One of the most terrifying films of the last several years is Laura Poitras' chronicle of the whistleblowing by Edward Snowden. Unlike a lot of documentarians who capture events after they happen, Poitras was there from the early days of Snowden's revelations that the NSA has not only been spying on practically everyone but has capabilities to do so that were only hinted at in the past. Working with Glenn Greenwald, Poitras and Snowden get deeper into the stories he has to tell, and her film gets more terrifying with each meeting. Poitras is brilliant in the way she allows many conversations to unfold in real time, without edits or statistical title cards. She realizes that Snowden's words are her greatest tool. By the end, when Snowden and Greenwald are writing things to each other on scraps of paper they then tear up, the idea that these are Americans fearful of a government spying on them that intensely should make anyone's stomach turn. This is powerful, important filmmaking.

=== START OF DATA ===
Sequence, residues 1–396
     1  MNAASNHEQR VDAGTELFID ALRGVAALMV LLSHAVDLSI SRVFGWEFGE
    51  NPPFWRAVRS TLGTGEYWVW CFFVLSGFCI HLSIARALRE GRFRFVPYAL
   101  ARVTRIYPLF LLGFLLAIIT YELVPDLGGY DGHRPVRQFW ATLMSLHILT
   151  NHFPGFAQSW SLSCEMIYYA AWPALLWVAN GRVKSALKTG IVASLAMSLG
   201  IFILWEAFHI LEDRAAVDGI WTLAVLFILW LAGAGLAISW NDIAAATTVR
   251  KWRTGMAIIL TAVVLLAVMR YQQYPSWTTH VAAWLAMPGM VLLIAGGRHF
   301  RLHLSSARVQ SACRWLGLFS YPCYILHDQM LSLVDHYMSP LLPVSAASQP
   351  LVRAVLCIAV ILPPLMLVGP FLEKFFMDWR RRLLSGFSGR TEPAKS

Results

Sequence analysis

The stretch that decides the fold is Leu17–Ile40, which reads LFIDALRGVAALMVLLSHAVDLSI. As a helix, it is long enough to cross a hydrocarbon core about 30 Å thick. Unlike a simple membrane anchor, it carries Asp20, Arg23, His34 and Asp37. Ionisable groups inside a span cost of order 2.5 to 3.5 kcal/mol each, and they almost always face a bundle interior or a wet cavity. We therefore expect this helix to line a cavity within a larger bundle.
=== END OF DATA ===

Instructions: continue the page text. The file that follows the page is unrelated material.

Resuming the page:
"New York Times" Talk with Laura Poitras, Glenn Greenwald, Edward Snowden and David Carr
Film Society of Lincoln Center Q&A with Laura Poitras and Dennis Lim
"The Program" - A "New York Times" Op-Doc by Laura Poitras
Blythe Danner gives the best performance of her career in this Sundance hit, ably supported by great work from Martin Starr and Sam Elliott. After her dog dies, Carol finds herself a bit adrift, more interested in finding a companion than she may have been before. Two men enter her life: a cigar-chomping suitor played with suave perfection by Elliott, and a friendly pool boy played with grounded realism by Starr. This is a simple film, but it's magnificent in its insight into the human condition, and the need to have someone to talk to, whether it be a dog, a boyfriend, or the pool boy. Danner is marvelous, giving the kind of performance one hopes is recognized at the end of the year.